Mr. Barrett, you make reference to “in light of recent media reports” on this issue. The issue, if I'm understanding you correctly, is with regard to using constituency data for political purposes. The participants this morning have referred to these media reports. I think that's why you came up with this motion.
In all fairness, Mr. Chair, I think the amendment is very pertinent.
View Colin Carrie Profile
CPC (ON)
View Colin Carrie Profile
2021-07-12 12:07
Yes. I wanted to speak to this point of order, Mr. Chair. What I'm concerned about is that we've seen this tactic before by the Liberals. They like to talk out an issue that they really don't want to address. I'm concerned because the amendment is, in my viewpoint, ridiculous. To be sending....
She mentioned CIMS in her statement. My colleague mentioned taxpayer dollars versus partisan dollars. It seems the Liberals have no idea about the difference between them. The CIMS is not using taxpayer dollars. The original motion that we're talking about is about the Liberal Party using members' operating budget dollars, taxpayer dollars, to fund partisan activities. That's what we're talking about. The scope of her amendment is entirely beyond the scope of anything we would be doing here. I would submit that even the Board of Internal Economy wouldn't be looking at it, because they look after members' operating budgets. They don't look after partisan activities at all.
Mr. Chair, I think we're going to end up talking this out because the Liberals just don't want to deal with this—again—and I'm worried about a cover-up.
View Chris Warkentin Profile
CPC (AB)
View Greg Fergus Profile
Lib. (QC)
Thank you very much, Mr. Chair.
On the point of order raised by my colleague Dr. Carrie, I would just like to make sure that we understand, that everyone understands, that CIMS is paid for by the party to be used for partisan purposes. The real issue is that CIMS is also being used by constituency and Hill staff, who are paid with taxpayer dollars. Therefore, who pays for the actual database is not relevant. It's that the staff, paid by taxpayer dollars, are doing partisan work by using that partisan database from their offices or from their equipment, which is also paid for by taxpayer dollars.
Mr. Chair, that's the reason. I'm just clarifying that for Dr. Carrie.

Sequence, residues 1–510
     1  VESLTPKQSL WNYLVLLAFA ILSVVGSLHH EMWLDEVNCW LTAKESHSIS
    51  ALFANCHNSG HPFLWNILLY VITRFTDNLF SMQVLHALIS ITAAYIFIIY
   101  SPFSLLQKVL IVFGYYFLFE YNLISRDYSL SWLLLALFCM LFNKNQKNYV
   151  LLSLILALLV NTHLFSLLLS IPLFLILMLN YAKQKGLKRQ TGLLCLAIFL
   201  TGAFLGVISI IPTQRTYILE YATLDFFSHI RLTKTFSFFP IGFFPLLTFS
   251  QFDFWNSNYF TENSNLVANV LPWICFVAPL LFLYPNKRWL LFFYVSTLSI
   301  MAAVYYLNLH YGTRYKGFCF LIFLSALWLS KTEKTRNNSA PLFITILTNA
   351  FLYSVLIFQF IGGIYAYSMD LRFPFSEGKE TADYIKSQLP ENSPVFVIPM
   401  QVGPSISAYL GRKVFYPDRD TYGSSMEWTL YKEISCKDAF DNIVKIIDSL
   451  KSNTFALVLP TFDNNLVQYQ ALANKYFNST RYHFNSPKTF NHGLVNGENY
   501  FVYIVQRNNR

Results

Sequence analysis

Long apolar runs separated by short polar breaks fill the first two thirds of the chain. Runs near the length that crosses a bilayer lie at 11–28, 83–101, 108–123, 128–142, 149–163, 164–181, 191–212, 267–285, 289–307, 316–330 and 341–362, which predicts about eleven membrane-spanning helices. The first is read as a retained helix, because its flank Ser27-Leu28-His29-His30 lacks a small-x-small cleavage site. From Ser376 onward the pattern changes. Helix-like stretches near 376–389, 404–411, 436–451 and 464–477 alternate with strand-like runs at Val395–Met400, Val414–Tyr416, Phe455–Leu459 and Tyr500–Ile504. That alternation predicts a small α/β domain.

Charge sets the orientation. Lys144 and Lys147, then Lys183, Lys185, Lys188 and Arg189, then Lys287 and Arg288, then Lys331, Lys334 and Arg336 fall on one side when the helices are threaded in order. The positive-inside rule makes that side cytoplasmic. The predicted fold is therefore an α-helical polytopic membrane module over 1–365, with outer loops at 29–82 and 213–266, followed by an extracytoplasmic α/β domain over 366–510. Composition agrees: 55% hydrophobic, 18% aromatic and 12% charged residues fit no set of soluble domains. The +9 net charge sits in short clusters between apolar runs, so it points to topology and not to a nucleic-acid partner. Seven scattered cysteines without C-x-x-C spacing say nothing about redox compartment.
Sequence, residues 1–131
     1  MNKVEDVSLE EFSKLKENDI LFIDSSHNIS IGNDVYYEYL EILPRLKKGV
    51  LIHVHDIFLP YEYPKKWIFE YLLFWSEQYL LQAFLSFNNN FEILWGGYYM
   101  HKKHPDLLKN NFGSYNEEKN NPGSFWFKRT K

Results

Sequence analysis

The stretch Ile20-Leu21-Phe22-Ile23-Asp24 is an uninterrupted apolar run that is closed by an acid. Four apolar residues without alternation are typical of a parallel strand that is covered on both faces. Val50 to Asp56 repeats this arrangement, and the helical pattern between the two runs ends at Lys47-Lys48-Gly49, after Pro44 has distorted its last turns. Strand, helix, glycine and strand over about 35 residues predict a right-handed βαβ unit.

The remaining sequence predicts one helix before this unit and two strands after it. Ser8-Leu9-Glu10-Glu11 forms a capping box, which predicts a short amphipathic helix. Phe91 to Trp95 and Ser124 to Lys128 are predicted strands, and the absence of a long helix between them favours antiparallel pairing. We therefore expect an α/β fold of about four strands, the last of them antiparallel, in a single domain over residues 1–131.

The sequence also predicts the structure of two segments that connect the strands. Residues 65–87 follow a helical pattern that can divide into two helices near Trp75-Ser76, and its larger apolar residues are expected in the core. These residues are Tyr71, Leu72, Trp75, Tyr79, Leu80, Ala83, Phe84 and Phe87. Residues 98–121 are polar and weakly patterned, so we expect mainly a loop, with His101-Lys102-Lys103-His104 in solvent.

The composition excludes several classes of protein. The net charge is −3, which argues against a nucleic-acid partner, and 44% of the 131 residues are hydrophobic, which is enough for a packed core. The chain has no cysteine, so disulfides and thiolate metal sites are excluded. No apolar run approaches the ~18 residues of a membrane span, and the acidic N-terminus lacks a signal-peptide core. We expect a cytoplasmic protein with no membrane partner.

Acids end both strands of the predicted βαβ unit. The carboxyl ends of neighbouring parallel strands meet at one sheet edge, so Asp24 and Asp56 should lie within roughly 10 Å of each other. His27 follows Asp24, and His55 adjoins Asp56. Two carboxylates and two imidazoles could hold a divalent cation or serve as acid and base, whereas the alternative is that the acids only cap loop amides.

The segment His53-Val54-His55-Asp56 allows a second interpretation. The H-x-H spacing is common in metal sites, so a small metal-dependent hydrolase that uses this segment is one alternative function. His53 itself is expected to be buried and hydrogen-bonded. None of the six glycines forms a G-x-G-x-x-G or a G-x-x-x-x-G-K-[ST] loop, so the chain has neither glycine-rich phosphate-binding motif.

View Chris Warkentin Profile
CPC (AB)
Okay.
It seems that we've gotten into a point of debate. I believe the point of order was Ms. Shanahan's originally. She was making a point of order with regard to whether her text would be inserted or whether it would replace existing text. I have ruled that, based on how she submitted it, it would be inserted between the words “That” and “pursuant”. This would be an addition.
It is not common—it is something that actually is impossible—for one committee to tell another committee what to do, but I am going to allow this amendment to be voted on by the committee members to determine. Whether or not they appreciate our instruction, if in fact it passes, that's up to them. I think it would probably be best to move to a vote on the amendment, if the committee would allow for that. Then we can get on with debate on either the amended motion or the original motion.
We'll move to a vote, unless members want to....
We still have a speaking list. Okay. We'll go back to a speaking list on the amendment.
I'm getting different signals here. Some don't want to go back to the speakers—
View Marie-Hélène Gaudreau Profile
BQ (QC)
Before you call the vote, could you please tell us again what we are voting on, so we know exactly what's what.
View Chris Warkentin Profile
CPC (AB)
The debate right now is on the amendment. It's just on the amendment. It's not on the motion but on the amendment from Ms. Shanahan.
If members want to speak to that, I do have a list of members.
Mr. Barrett.
View Michael Barrett Profile
CPC (ON)
Thanks very much, Chair.